In "The Black Snake," the speaker has just hit a snake with her car. The poem that follows is a reflection on mortality and a range of reactions to death.
The first stanza describes the speaker's hitting the snake as it "flashed" in front of her car. She doesn't have time to avoid it, and the incident becomes symbolic of "how [death] happens." This first quick stanza introduces the idea of how abruptly death can occur and suggests that the line between life and death is very thin. Next, the speaker reflects on what the dead snake looks like. He has become "useless" in his death, like "an old bicycle tire." The simile implies that the snake has quickly transformed from a living being to an inanimate object. Perhaps as an act of atonement and respect, the speaker brings the snake to the bushes.
Once the speaker touches the snake, she includes more emotional imagery and figurative language, referring to the snake as "a dead brother" in its beauty and silence. Rather than a discarded tire, the snake is now "gleaming / as a braided whip," a more flattering and evocative image. The speaker appreciates the aesthetic detail of the snake's skin
At the end, the speaker mediates on life and death, primarily on the way the living react to death. Again the speaker italicizes "death" to point to its profound significance, its finality. She thinks about death's "suddenness," citing the way the snake just appeared in front of the car, giving her no time to avoid it. She thinks about death's "certain coming," its inevitability. Paradoxically, even though people know they will die one day, they feel relieved at not being the one dead in this instant. (See also the end of Robert Frost's famous poem "Out, Out—"). The speaker says there is a feeling "under reason," something more instinctual, represented by the metaphorical "brighter fire." The death of another makes the speaker and the living feel they are recipients "of endless good fortune" because it was "not me!" The exclamation reflects the euphoria and relief of the person who has survived amid the presence of death.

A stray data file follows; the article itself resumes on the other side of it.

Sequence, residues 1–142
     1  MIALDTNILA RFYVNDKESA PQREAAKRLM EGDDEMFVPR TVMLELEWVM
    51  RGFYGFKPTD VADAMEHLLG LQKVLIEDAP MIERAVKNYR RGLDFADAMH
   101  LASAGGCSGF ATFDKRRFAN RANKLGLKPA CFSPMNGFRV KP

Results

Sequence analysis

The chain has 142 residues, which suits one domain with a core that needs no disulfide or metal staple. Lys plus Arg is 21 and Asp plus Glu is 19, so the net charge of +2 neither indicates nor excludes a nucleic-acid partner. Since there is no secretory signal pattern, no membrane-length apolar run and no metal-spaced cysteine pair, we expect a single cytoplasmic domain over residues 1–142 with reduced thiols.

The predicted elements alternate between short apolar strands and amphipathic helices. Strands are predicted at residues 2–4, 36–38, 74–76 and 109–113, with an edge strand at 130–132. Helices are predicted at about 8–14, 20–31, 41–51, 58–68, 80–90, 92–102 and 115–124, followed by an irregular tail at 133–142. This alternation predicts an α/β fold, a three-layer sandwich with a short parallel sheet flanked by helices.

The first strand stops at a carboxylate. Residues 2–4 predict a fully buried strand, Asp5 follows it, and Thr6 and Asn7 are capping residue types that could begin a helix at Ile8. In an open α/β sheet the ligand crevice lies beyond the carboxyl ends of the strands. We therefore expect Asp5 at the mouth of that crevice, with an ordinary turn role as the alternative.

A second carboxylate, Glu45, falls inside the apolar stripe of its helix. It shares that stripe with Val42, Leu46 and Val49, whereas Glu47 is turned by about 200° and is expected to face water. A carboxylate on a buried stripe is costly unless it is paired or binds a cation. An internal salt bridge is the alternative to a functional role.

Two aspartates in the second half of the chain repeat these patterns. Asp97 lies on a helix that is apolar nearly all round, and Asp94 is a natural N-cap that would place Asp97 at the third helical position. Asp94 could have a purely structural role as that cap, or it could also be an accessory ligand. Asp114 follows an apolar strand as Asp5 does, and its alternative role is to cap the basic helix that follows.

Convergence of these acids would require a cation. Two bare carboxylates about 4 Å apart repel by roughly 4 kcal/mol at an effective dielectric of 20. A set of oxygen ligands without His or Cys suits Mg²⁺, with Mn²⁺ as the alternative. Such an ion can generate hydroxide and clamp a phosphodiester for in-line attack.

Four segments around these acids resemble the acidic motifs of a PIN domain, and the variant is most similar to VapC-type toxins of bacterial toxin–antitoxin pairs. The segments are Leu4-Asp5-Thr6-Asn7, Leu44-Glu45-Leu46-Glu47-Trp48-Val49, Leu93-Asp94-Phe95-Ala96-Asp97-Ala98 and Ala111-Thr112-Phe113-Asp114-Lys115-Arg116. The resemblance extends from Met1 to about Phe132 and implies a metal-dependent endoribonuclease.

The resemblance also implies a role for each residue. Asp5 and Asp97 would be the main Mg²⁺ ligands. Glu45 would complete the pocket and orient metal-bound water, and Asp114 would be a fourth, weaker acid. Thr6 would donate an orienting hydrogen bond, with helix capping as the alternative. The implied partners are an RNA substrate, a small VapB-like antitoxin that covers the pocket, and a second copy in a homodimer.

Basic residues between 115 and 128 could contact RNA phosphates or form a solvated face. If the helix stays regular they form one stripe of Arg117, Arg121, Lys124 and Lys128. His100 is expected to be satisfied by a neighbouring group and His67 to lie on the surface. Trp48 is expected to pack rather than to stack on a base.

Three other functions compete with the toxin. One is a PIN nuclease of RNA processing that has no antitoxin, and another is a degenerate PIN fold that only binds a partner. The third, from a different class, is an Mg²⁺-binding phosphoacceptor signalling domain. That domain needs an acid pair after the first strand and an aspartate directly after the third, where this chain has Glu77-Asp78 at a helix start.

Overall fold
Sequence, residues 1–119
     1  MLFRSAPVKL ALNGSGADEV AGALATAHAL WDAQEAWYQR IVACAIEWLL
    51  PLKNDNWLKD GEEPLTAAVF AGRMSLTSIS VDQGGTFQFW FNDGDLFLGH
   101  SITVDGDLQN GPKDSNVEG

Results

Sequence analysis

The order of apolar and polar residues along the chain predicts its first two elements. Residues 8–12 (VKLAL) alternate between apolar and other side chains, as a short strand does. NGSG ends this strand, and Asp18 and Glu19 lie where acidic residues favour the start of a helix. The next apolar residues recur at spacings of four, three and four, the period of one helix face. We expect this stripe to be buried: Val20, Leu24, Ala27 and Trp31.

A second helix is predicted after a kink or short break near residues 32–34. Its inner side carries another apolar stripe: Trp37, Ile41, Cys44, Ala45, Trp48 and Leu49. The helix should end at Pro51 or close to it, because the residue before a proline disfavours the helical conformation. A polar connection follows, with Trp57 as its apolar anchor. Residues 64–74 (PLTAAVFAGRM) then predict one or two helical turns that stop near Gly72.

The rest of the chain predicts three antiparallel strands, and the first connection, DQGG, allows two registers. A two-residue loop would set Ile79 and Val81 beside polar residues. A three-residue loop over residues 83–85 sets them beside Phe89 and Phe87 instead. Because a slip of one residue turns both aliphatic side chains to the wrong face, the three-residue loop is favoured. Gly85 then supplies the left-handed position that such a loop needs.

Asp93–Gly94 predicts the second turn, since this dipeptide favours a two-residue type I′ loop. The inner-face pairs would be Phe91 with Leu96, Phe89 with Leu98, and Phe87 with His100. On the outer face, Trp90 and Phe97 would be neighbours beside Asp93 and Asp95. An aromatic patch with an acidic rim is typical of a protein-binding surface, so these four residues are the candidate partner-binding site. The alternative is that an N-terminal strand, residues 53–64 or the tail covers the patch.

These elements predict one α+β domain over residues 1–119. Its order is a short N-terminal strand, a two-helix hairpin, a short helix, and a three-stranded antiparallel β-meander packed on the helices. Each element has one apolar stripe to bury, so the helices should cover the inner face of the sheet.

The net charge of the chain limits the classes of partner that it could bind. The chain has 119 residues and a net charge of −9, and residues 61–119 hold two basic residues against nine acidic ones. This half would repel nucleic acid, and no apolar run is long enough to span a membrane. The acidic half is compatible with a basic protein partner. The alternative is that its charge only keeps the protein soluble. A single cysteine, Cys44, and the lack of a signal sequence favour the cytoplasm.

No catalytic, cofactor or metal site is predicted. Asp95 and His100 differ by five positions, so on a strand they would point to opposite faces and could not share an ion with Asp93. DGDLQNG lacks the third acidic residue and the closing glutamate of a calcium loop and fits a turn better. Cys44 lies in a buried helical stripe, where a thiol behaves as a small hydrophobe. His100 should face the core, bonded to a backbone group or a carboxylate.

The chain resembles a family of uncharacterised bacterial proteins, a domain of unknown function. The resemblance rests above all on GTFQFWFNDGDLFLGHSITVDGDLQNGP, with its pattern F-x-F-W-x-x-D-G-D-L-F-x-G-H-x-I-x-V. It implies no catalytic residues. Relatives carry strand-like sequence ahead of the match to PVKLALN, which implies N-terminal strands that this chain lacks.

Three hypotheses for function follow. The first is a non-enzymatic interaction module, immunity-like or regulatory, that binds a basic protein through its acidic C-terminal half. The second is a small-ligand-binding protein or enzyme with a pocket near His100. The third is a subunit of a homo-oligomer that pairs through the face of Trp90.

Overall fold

The speaker concludes the poem by reflecting, again paradoxically, that this very impulse is the one that led the snake to propel itself into the world and under the speaker's car. The moment before the snake's death is described as careless and happy. He was just "coiling and flowing... through the green leaves," and then abruptly he was killed when he reached the road. This final stanza suggests that the same could be true of any of us who, momentarily feeling alive and grateful, could the next moment be as dead as the snake itself.
“The Black Snake” by Mary Oliver serves as a reminder of the fragility of life and the certainty of death. Death is a common topic for the poet who examines its occurrence, its meaning, and its mystery. The poem places a reptile that most people find unsympathetic in the position of representing the natural order in nature.
The point of view of the poem is first person. The narrator, who is probably the poet, describes the scene and draws the reader into the mysterious world of the snake and its death.
The poem is written in free verse. There are six quatrains with no rhyme scheme. The poet uses enjambment to continue the thoughts from one line to the next.
The poem reflects the sadness of the poet as she observes the death of the snake. Also, there is a remorseful atmosphere for an unnecessary death caused by man. Later, the mood becomes brighter as the poet thinks of how she has eluded death.
Human beings versus nature
The poet explores the connections between creatures of the natural world and mankind. The truck unable to swerve accidentally kills the snake. The driver does not stop and seems unconcerned about the loss of this part of nature.
The most important theme lies in the examination of death as a part of the cycle of life. When the poet looks at the snake and feels his still warm body, she thinks of its beauty and the swiftness of its death.
I leave him under the leaves
and drive on, thinking
about death: its suddenness,
its terrible weight,
its certain coming.
- Now he [the dead snake] lies looped and useless as an old bicycle tire.
- He is as cool and gleaming as a braided whip
- He is as beautiful and quiet as a dead brother
Death a dreaded weight
The suddenness of the snake’s death represents the fragility of life and the certainty of death
The snake moving through the leaves and greenery in the spring symbolizes the renewal of life. Just as the snake glides onto the road, mankind also glides into rhythms of life without reflection on inherent dangers. "Life," not death, "is the light at the center of every cell."
A truck runs over a snake. The poet is in her car behind the truck. She stops and carries the dead snake to the side of the road and places him under some leaves.
Traveling on she thinks about death and its quickness in taking its victims.Thinking about death logically, she happily believes that with her good fortune it will not capture her. However, death is at the center of everything that lives. It ended the life of the snake which had been slithering through springtime and life happily until it crossed the road.
Man invades the habitat of all the animals, insects, reptiles and creatures of the natural world. He builds roads and drives man-made vehicles. The meetings of man and creature often result in death. The natural order of the world is that the fittest survive.